TORONTO - A tabloid fascination since before she could drive, Hilary Duff knew that releasing a breakup album months after her split from former NHLer Mike Comrie would have listeners connecting the autobiographical dots.
But after an eight-year break between albums, the 27-year-old Duff felt ready to both dance and disclose.
"I would say the record is very personal," she told The Canadian Press of the recently released "Breathe In. Breathe Out."
"The whole point of making a record is to open up and give a little piece of yourself away.
"Sometimes that's challenging to decide how much you want to share. But I'd say that most of the songs on the record, even if I didn't write them myself, they touched me personally."
True to its name, Duff's new collection shoots to set dancefloors gasping, with its upbeat pace standing in contrast to her reflections on a failing relationship.
Much of the record features lyrics about relationships either stuck, broken or over, while several other songs stand as empowerment anthems — including the Duff co-write "Brave Heart."
"That was kind of a tough one to share," she said of the song.
"Obviously it's about my relationship and deciding to move on to something that's unknown and scary, and being brave enough to do it.
"(It's about) kind of tying a bow around the memories you made with someone and being grateful, and deciding to move forward."
Its lessons could be tidily tied not only to Duff's personal life, but her career.
With 2007's "Dignity," she wrapped a run of four albums in four and a half years (not including the needlessly thorough release of two different greatest hits collections).
All those studio albums went at least gold — with 2003's "Metamorphosis" boasting particularly robust triple platinum sales — but Duff decided to step away from her music career temporarily while also slowing things considerably on the acting front.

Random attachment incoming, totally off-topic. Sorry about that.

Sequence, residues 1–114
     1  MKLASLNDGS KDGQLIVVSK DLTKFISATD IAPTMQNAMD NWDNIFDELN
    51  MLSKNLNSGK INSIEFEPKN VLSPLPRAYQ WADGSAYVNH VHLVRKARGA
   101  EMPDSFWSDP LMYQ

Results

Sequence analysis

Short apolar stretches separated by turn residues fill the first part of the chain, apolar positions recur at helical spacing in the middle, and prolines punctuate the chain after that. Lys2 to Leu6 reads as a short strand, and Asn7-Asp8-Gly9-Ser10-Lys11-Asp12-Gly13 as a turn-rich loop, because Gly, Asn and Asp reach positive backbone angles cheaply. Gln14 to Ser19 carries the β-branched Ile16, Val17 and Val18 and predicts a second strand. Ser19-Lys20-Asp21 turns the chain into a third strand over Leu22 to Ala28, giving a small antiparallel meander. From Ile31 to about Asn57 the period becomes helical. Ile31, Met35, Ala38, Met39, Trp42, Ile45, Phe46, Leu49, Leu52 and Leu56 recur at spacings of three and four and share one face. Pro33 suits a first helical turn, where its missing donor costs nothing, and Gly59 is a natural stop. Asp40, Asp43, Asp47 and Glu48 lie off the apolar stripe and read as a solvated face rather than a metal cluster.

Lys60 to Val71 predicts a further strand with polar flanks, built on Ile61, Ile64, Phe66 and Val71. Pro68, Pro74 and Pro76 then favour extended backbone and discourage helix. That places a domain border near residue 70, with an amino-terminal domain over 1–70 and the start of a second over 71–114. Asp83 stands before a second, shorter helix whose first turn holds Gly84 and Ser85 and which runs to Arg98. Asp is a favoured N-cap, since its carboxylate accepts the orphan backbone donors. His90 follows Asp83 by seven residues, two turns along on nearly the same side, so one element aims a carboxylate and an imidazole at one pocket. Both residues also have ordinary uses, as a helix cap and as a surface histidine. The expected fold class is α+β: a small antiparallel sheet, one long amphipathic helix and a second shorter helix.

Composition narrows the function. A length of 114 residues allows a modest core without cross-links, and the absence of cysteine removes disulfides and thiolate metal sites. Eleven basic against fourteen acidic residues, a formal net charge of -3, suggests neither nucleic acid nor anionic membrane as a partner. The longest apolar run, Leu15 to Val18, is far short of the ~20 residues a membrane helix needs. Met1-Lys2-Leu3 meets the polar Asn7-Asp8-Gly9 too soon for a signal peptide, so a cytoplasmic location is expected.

During her hiatus from the studio, Duff married Comrie, gave birth to her son, Luca, co-wrote a trio of novels and limited her screen appearances mostly to cameos (including stints on "Community," "Raising Hope" and "Two and a Half Men").
She and Comrie made their divorce public earlier this year.
Just as she's now restarted the engine on her music career, Duff has also found a hit onscreen with TV Land's "Younger," recently renewed for a second season.
It's validating, since returning to the industry after such a long layoff wasn't necessarily easy.
"I think overall it's taken a lot of courage to attempt to get back into the music industry and make a record and to still be relevant — and to put such a big piece of yourself out there to analyze," she said.
She notes that once she wraps publicity duties for the record — which are "a lot more intense" these days with the proliferation of press, she notes — she'll be heading to Canada, her "second home."
Her records have always sold more proportionally here than in the U.S., something she chalks up to the determination with which she's toured the country. (She also points out that Comrie's family lives here, and "we love spending time with them.")
As far as a larger-scale tour, Duff is intrigued but says that, like seemingly everything else lately, "it would be different than how I did it before."
"I love the idea," she said. "I do have Luca and he's in school. Every decision I make is based around him, and trying to create a sense of normalcy in his life.
"But I definitely want to tour again."
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